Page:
Chicago to Require Vax Proof Starting in Jan. for Restaurants, Bars, Other Indoor Venues

Chicago Mayor Lori Lightfoot announced Tuesday Chicagoans looking to enter indoor venues serving food and drinks will need to show proof of COVID-19 vaccination starting Jan. 3.

In addition to restaurants, bars, sports stadiums and concert venues, the rules will also apply to gyms.

The move comes after an increase in COVID-19 cases and hospitalizations in the city. Chicago is dealing with about 1,700 new cases per day, up from 300 a few weeks ago.

Monday, Illinois reported approximately 12,330 new cases. This was the highest single-day number since 2020 and before the vaccines were widely available.

"To be clear, I have not been this concerned about COVID-19 since the early days of the pandemic in 2020," Lightfoot said.

The new measures will not affect grocery stores, schools, office buildings, apartment buildings or religious institutions. Employees at affected venues who don't want the vaccine will have the option to do weekly COVID-19 tests, but this does not extend to customers.

Lightfoot urged Chicagoans to get vaccinated, noting that the city's daily rates of 60 hospitalizations and 10 deaths mostly apply to the unvaccinated.

"The solution is vaccine," Lightfoot said.

Lori Lightfoot, Chicago, mayor
Chicago Mayor Lori Lightfoot announced Chicago venues serving food and beverages will be required to get proof of vaccination from anyone entering. Above, Lightfoot speaks during the groundbreaking ceremony for the Obama Presidential Center at Jackson Park on Sept. 28 in Chicago, Illinois. Photo by Kamil Krzaczynski/AFP via Getty Images

Much of Chicago's increase in cases has been driven by the Omicron variant, prompting fears of a winter surge.

Federal health officials announced Monday that Omicron accounted for 73 percent of new infections last week, a nearly sixfold increase in only seven days.

The Centers for Disease Control and Prevention reported Omicron's prevalence is even higher in some parts of the U.S., with the variant responsible for an estimated 90 percent of new infections in the industrial Midwest, the New York area, the Southeast and the Pacific Northwest.

Boston Mayor Michelle Wu announced Monday that the city will require proof of vaccination for workers and customers at many indoor businesses beginning in mid-January. New York and San Francisco already require it.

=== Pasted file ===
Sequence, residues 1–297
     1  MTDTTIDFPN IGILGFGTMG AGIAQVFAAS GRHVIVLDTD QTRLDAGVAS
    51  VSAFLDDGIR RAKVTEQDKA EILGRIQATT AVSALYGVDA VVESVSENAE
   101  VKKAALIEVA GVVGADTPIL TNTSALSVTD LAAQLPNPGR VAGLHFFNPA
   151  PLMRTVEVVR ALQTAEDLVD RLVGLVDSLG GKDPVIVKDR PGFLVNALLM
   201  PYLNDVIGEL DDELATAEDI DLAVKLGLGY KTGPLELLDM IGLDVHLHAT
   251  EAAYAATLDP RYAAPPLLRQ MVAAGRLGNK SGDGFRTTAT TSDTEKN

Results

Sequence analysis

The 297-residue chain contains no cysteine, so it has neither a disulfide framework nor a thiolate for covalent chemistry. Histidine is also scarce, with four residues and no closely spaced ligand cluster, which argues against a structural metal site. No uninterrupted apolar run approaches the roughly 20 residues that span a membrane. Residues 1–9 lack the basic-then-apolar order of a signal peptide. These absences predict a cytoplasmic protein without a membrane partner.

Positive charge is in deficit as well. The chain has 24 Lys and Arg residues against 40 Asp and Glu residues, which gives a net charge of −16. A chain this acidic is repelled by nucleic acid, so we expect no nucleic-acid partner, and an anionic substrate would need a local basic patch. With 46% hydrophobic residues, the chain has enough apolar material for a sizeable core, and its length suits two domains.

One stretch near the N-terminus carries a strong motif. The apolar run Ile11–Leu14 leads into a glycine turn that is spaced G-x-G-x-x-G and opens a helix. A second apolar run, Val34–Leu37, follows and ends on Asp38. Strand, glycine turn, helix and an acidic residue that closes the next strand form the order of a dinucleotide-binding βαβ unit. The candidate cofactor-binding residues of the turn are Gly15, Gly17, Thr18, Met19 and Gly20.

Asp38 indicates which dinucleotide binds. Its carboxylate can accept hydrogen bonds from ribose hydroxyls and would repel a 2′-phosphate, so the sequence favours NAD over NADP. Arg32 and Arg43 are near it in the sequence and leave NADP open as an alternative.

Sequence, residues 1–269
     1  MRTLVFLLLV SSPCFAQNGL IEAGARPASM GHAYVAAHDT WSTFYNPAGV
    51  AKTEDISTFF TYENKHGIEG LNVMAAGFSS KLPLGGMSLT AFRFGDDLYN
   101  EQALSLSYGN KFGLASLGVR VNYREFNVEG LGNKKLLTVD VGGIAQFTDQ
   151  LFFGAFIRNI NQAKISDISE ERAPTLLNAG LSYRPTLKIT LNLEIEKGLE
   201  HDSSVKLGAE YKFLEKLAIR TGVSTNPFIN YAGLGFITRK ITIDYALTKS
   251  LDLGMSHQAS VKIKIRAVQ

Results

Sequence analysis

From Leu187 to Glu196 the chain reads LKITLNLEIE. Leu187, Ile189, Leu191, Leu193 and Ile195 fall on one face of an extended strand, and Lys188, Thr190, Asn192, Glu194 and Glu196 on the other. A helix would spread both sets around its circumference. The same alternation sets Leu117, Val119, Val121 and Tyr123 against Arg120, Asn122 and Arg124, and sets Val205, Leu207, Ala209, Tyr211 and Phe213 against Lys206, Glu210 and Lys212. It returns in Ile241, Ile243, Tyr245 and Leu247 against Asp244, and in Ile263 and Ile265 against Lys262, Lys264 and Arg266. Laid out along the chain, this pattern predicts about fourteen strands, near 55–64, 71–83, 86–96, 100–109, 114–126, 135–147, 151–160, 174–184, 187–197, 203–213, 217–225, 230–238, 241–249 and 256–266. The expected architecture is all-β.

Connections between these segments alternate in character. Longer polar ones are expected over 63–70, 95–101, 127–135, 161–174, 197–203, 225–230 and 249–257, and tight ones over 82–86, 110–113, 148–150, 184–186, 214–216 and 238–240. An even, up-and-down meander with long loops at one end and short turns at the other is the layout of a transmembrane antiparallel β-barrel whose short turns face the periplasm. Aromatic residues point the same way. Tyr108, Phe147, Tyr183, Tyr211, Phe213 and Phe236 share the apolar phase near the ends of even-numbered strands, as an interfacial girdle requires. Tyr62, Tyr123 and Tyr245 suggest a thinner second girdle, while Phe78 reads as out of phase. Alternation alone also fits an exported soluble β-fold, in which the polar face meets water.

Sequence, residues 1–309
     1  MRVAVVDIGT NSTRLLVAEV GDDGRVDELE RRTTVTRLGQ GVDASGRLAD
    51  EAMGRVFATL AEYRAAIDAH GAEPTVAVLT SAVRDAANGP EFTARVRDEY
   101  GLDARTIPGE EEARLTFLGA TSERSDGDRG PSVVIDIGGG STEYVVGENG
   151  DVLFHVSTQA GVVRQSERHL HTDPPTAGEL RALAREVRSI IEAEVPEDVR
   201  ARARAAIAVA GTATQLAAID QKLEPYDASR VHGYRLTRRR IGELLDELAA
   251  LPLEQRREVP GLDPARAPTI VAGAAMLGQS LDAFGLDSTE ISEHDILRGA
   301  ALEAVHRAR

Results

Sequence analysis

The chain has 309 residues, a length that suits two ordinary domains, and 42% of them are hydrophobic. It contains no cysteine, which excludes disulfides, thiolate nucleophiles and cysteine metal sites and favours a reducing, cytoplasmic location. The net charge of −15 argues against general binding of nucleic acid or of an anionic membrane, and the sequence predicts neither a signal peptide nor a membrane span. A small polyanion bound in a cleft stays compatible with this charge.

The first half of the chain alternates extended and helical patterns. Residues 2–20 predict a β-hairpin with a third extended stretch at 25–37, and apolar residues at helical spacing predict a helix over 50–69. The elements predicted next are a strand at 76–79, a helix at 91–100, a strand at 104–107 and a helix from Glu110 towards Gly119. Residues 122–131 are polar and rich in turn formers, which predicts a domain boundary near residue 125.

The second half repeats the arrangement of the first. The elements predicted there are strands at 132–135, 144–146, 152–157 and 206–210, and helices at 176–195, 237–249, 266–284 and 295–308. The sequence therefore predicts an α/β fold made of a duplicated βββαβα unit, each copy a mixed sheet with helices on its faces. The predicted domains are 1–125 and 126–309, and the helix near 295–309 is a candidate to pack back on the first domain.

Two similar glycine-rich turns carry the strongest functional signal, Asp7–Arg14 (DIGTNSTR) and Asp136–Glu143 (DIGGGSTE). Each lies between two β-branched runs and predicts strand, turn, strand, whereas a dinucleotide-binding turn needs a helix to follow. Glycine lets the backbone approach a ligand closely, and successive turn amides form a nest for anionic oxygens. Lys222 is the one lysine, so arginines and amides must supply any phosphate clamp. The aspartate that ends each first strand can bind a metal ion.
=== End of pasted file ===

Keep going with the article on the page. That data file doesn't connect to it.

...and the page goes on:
Rob Karr, president of the Illinois Retail Merchants Association, called the Chicago requirement a "reasonably measured approach."

"It certainly is better than shutting businesses down," he said.

Allison Arwady, Chicago's public health commissioner, said the requirement will apply to everyone age 5 and older, and that they must be "fully vaccinated," which the CDC currently defines as two weeks after the second dose of the vaccine. For people age 16 and older, a valid photo ID must be presented along with a vaccination card.

Lightfoot said city inspectors will monitor business compliance with the requirement. Warnings will be issued to businesses not complying, but if a business repeatedly violates the rules, "we're going to bring the hammer down," Lightfoot said.

Much about the Omicron variant remains unknown, including whether it causes more or less severe illness. Early studies suggest the vaccinated will need a booster shot for the best chance at preventing Omicron infection but even without the extra dose, vaccination still should offer strong protection against severe illness and death.

Arwady said 32.5 percent of Chicago residents age 18 and older have received booster shots.

The Associated Press contributed to this report.

Downtown Chicago, Illinois
Starting Jan. 3, Chicago restaurants, bars and other venues serving food and beverages will check for proof of vaccination. Above, a view of Downtown Chicago taken from a rooftop on June 30. Photo by Daniel Slim/AFP via Getty Images